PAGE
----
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HRWC Climate Impacts Fact Sheet

This page is part of the project: Huron River Watershed Council

Climate Change Impacts in the Great Lakes Region

A high level of scientific certainty exists that climate has changed in significant ways in recent decades. This sheet provides an overview of recent historical trends and projections for the future climate in the Great Lakes region, which includes the Huron River watershed.  The potential impacts described here summarize the best peer-reviewed literature available from many sources and experts across many fields of research.

Projections of future climate include assumptions on the future rate of greenhouse gas emissions and interactions among elements of the Earth’s system.  Therefore, no single model or projection is capable of making a deterministic prediction of the future climate of the region.  Climate projections merely are able to describe a range of probable futures.

Temperature

        Historical:   Average temperatures in the Great Lakes region increased by 2.3 °F (1.3 °C) from 1968 to 2002.

        Future:         By 2050, average annual air temperatures will likely increase 1.8 to 5.4 °F (1 to 3 °C).  By 2100, an average annual increase of 3.6 to 11.2 °F (2 to 6.2 °C) is projected.  Winter temperatures may experience a greater increase than the summer months during the first half of the 21st century.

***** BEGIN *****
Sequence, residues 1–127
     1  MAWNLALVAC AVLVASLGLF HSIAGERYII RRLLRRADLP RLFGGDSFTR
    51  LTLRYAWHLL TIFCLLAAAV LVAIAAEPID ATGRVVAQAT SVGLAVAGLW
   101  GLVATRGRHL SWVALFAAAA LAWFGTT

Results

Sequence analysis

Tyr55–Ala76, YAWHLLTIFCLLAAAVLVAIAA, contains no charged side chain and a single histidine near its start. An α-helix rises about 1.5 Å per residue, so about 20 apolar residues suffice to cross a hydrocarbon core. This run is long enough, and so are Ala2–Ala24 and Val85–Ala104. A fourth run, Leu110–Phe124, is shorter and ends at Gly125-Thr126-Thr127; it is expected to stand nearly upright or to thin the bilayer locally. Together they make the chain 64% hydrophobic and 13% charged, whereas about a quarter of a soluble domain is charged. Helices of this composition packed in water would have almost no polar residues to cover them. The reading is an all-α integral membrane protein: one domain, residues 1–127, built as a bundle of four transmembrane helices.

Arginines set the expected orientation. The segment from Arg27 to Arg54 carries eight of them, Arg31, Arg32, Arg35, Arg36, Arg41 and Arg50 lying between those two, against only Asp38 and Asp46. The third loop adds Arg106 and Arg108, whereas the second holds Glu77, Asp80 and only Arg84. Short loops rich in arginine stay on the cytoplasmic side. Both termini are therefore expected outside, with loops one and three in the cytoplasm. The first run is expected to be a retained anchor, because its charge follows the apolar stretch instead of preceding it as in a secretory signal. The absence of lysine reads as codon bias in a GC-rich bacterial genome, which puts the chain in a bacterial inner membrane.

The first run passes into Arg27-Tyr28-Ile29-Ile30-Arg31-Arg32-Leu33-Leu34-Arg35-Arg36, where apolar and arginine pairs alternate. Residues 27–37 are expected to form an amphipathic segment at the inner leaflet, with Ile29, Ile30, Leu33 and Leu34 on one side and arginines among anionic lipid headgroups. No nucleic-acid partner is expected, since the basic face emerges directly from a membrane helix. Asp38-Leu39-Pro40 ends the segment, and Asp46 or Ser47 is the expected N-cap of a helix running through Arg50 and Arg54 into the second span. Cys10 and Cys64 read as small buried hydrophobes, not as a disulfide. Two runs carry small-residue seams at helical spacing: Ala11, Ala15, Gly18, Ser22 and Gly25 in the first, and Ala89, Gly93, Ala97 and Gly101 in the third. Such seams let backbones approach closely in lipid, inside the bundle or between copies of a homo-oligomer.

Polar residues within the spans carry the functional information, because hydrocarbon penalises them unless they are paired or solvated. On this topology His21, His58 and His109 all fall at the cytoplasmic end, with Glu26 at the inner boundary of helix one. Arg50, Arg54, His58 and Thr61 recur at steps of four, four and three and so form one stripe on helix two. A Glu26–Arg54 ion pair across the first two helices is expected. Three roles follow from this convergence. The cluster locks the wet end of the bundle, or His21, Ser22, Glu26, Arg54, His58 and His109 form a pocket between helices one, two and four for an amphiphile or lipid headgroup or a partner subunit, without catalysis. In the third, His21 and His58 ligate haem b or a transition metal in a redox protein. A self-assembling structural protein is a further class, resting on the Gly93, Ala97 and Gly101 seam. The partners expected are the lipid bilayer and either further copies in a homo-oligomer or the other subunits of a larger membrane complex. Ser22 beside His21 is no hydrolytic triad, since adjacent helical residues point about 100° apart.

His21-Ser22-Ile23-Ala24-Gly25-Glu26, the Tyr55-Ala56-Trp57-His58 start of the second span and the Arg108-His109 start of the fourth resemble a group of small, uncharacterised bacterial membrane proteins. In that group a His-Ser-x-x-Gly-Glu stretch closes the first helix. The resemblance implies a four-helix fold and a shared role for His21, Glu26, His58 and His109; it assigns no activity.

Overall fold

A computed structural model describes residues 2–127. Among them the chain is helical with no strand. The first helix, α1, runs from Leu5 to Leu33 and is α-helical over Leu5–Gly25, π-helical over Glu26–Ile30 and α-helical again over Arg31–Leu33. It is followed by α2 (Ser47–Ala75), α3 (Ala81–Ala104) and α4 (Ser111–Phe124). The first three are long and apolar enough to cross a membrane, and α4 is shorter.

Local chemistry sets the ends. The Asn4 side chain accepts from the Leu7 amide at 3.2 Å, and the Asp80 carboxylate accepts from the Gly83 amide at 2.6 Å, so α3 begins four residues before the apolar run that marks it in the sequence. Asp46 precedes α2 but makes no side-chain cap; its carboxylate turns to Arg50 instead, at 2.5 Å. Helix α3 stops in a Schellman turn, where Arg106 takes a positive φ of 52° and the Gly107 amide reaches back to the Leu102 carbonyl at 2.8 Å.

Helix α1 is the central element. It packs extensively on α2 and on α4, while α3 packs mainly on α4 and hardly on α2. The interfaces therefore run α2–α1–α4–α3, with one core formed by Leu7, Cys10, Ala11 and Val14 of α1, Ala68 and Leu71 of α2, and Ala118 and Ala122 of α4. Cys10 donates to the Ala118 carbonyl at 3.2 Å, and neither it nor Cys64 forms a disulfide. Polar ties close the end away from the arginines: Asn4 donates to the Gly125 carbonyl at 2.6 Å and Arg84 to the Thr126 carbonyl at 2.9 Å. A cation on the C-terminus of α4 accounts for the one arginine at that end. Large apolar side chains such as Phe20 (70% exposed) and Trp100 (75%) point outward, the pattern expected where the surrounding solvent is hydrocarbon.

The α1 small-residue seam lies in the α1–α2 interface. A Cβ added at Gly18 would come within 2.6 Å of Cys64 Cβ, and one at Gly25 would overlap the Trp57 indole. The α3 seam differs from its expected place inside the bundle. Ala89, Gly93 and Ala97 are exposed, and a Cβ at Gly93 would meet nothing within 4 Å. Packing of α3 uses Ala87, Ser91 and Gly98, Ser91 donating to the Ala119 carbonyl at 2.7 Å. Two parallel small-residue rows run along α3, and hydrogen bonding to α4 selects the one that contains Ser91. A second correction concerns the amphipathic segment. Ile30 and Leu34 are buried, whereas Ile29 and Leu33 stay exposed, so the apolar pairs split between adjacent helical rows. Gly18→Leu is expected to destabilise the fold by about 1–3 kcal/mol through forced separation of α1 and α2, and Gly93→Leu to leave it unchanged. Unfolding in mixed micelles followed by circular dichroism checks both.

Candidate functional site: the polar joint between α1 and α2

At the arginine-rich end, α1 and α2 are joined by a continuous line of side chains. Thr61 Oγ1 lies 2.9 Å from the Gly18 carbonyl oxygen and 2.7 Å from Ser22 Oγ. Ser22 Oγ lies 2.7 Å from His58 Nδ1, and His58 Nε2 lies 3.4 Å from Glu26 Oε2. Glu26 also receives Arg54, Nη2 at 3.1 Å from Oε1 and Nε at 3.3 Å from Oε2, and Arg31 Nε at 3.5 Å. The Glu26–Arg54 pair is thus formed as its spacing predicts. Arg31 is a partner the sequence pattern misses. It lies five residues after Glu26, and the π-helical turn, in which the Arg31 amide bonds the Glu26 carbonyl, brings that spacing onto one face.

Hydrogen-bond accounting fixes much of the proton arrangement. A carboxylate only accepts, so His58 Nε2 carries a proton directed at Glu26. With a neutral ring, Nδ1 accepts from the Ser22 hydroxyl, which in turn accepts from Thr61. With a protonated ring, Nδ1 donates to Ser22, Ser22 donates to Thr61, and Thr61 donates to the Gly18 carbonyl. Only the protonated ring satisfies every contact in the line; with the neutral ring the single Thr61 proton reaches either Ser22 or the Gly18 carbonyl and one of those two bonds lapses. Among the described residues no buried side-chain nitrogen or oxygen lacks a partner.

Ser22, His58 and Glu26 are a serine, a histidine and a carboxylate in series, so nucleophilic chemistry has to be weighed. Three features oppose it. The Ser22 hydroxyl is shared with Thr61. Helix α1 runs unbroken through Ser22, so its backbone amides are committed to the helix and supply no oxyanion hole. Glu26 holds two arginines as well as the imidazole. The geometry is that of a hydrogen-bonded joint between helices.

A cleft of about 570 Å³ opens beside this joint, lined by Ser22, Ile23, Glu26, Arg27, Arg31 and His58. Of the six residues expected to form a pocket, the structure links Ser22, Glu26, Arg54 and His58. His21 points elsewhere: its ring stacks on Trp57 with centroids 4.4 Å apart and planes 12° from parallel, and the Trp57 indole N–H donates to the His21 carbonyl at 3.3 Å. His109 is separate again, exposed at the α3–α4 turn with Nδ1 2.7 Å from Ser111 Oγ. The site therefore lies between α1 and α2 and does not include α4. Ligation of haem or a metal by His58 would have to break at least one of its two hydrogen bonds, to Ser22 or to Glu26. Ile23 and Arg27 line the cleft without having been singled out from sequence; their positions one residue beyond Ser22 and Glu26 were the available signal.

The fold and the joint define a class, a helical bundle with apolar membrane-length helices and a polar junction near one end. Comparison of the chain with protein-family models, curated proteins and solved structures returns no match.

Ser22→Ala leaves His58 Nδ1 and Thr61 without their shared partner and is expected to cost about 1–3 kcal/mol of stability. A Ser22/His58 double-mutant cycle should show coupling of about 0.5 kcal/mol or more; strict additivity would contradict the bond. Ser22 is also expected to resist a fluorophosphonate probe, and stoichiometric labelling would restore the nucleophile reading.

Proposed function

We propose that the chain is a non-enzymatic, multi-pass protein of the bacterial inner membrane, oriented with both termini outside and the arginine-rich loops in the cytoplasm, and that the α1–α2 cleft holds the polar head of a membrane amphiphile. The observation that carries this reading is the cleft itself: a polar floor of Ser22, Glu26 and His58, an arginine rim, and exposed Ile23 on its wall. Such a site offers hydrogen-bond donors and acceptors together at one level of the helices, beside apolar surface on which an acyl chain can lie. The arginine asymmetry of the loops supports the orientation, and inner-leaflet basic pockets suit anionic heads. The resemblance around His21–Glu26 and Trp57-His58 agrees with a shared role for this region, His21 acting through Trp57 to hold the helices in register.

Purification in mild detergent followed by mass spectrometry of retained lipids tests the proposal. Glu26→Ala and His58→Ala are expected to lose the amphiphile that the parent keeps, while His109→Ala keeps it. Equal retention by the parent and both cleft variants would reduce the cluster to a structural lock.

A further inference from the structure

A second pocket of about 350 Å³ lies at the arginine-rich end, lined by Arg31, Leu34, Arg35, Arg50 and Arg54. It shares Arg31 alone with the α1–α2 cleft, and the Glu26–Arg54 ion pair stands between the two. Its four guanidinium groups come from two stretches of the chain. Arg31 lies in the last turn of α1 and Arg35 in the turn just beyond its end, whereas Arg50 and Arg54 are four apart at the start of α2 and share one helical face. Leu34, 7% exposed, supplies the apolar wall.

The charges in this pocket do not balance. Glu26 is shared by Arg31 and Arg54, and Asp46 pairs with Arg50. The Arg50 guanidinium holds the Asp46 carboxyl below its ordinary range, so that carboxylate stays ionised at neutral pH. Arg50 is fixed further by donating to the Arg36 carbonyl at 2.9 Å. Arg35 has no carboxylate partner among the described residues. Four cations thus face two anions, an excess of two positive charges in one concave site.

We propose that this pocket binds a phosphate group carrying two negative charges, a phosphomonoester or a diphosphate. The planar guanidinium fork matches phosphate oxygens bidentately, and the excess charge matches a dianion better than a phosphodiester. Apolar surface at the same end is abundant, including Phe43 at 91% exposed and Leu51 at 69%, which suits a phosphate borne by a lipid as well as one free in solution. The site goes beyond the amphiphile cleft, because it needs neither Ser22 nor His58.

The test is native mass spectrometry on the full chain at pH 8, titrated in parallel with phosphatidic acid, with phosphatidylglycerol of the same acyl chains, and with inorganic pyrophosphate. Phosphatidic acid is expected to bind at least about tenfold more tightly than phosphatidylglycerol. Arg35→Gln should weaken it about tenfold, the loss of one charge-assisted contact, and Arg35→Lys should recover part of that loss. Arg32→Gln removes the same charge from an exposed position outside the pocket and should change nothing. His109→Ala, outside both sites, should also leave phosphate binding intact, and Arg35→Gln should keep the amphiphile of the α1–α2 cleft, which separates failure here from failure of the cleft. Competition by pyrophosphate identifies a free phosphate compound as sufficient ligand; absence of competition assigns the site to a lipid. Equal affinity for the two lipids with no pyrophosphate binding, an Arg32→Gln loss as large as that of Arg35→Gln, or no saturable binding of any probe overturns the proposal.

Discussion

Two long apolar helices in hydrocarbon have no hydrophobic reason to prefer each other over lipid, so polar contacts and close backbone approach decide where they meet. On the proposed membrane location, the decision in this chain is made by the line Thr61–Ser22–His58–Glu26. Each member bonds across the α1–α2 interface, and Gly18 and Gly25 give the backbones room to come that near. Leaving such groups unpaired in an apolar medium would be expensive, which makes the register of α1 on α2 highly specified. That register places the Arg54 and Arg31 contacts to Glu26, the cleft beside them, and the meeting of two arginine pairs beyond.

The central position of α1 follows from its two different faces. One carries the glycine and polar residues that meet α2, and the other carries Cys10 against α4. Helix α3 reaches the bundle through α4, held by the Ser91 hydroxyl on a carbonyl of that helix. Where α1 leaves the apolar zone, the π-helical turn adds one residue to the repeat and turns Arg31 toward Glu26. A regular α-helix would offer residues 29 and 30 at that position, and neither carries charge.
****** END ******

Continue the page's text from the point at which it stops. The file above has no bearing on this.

Precipitation

        Historical:   Annual and seasonal precipitation is highly variable across the region.  Overall, total annual precipitation in the Midwest is increasing, and the seasonal distribution and form of precipitation has also changed.  Less precipitation has been falling as snow in the late fall and early spring months due to increased temperatures.

        Future:         Model projections of precipitation vary widely.  A majority of models project a slight increase in total annual precipitation, with greater increases in winter precipitation and potential increases in autumn and spring, as well.  The largest increase in winter and spring precipitation projected by any model was 20-30 percent.

Extreme Weather Events, Water Quality, and Stormwater Management